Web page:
Sweden To Limit Social Benefits For Non-EU Immigrants

Sweden Immigration : Stricter Measures for Non-EU Immigrants

In a significant policy shift, Sweden’s right-wing government, led by Prime Minister Ulf Kristersson, has unveiled a series of comprehensive immigration reforms aimed at making it tougher for non-European immigrants to access social benefits. The move is part of a broader strategy to both dissuade further migration and improve the integration of immigrants already in the country.

This move comes a year after Kristersson’s minority government secured unprecedented backing from the far-right Sweden Democrats (SD). One of the key promises made by this coalition was to clamp down on immigration and address issues related to crime and integration.

Sweden Immigration Changes for Non-EU

Sweden, known for its generous welfare state, has historically welcomed a substantial number of immigrants, particularly from conflict-stricken regions such as the former Yugoslavia, Syria, Afghanistan, Somalia, Iran, and Iraq. However, the country has faced ongoing challenges in effectively integrating these diverse populations.

In an opinion piece published in the newspaper Dagens Nyheter, leaders of the three-party coalition and the far-right SD stated, “Since 2012, more than 770,000 people have immigrated to Sweden from countries outside the European Union and European Economic Area (EEA).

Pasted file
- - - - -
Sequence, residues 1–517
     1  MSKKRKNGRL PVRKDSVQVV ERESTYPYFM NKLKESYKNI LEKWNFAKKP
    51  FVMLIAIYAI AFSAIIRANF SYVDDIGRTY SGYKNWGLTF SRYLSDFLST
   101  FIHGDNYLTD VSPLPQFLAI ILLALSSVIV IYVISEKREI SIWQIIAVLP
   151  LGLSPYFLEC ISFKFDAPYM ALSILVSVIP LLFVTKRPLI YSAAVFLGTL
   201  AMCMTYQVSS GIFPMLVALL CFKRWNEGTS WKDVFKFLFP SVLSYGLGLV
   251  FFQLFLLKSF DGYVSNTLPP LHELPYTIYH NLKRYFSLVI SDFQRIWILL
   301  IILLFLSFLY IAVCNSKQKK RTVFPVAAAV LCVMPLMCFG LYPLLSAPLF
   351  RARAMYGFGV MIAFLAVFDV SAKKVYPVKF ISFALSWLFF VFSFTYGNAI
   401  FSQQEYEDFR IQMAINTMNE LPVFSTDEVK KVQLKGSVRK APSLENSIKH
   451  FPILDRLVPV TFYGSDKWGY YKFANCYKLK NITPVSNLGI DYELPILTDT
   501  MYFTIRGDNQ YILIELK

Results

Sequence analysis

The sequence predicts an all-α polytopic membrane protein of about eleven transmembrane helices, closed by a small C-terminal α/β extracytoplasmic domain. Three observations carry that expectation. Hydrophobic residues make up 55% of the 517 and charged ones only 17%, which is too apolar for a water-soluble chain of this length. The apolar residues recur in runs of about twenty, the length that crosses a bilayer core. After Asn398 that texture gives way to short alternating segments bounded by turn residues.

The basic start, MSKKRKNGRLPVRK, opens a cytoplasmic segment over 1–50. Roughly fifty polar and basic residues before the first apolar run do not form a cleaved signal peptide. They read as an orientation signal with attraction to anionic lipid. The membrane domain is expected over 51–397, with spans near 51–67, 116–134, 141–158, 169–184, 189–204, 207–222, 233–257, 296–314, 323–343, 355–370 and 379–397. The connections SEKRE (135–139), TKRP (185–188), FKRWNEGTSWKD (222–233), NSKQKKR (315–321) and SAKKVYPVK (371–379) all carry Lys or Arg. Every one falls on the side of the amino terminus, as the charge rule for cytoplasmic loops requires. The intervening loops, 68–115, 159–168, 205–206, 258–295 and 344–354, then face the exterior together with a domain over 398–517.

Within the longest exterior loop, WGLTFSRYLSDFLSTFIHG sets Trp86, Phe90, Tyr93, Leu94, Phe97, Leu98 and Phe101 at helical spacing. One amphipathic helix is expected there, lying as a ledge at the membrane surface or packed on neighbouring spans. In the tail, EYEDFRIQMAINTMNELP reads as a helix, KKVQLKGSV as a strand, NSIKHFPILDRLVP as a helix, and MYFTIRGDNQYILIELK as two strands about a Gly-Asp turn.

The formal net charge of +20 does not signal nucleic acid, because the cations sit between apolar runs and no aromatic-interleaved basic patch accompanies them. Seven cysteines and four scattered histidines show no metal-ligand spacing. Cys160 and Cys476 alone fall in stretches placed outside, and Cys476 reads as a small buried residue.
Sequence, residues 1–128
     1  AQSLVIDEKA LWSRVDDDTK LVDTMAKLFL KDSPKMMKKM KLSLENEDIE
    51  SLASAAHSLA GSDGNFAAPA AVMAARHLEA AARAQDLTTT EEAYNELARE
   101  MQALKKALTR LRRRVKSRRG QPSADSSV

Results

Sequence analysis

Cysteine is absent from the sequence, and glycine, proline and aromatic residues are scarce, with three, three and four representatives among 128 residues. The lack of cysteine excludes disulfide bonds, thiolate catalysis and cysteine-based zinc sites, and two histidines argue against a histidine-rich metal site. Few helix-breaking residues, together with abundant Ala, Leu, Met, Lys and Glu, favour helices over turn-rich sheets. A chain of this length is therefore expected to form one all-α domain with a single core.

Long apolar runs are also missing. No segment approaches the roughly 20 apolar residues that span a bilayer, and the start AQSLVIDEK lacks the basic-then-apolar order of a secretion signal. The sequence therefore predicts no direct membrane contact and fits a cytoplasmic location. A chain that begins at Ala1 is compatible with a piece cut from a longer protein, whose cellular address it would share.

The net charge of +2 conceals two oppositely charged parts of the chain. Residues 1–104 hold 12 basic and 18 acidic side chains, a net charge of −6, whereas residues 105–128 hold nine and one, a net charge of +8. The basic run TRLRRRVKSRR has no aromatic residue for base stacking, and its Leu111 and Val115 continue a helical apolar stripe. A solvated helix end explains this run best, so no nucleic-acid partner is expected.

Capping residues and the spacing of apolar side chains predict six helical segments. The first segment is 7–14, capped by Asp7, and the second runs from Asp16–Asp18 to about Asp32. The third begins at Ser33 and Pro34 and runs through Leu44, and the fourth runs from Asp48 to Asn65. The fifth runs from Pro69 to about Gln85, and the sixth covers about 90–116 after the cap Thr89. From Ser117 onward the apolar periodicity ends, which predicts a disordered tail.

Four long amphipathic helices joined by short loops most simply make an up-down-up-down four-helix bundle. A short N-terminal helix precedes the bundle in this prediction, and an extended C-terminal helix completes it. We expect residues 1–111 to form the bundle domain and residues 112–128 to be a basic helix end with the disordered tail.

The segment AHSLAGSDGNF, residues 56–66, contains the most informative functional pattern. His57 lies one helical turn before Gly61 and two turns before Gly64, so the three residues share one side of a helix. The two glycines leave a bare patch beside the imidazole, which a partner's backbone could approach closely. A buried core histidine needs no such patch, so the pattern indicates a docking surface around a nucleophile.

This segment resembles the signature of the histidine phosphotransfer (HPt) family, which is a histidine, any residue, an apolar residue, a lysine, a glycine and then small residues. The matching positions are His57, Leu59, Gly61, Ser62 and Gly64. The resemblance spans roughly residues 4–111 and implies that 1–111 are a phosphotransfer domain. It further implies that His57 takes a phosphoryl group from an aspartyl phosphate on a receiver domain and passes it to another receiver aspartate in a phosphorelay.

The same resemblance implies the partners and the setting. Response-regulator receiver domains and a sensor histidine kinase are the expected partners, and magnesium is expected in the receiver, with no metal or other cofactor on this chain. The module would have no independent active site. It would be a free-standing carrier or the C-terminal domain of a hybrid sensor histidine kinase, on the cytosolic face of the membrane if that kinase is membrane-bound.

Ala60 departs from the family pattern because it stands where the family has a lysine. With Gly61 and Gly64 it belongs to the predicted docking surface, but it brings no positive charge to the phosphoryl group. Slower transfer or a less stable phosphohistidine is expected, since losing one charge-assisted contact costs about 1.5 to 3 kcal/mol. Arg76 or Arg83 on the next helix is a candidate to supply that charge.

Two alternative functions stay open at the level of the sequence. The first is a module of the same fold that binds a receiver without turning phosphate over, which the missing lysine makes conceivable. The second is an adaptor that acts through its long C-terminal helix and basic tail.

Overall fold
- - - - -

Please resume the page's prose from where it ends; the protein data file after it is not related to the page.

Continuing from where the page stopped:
Together with an integration policy that has made almost no demands on immigrants and provided no incentive to integrate into society, extensive immigration has created a divided Sweden.”

The article highlights concerns about issues such as segregation, social exclusion, unemployment, poor educational outcomes, and a perceived lack of shared Swedish values within these immigrant communities. Notably, the opinion piece does not provide specific official data or comparative information regarding the number of Swedish citizens receiving benefits.

The proposed reforms include measures to compel non-European immigrants to learn Swedish and seek employment in the nation’s highly skilled job market. Immigrants from EU and EEA countries, covered by broader freedom of movement regulations, will not be affected by these changes.

Furthermore, the government intends to introduce a cap on benefits for non-European immigrants, preventing them from receiving multiple allowances, such as those for children, housing, unemployment, sickness, and parental leave. The precise duration immigrants must wait before qualifying for benefits is yet to be determined.

Refugee groups and the political opposition have yet to provide their reactions to these reforms, but earlier reports from InfoMigrants, a collaboration between major European media organizations, indicated that Sweden’s evolving stance on immigration reflects the influence of the Sweden Democrats on government policy.

The government also noted that asylum applications to Sweden have decreased by 26 percent compared to a year ago, in contrast to a 30-percent increase observed in the rest of Europe.

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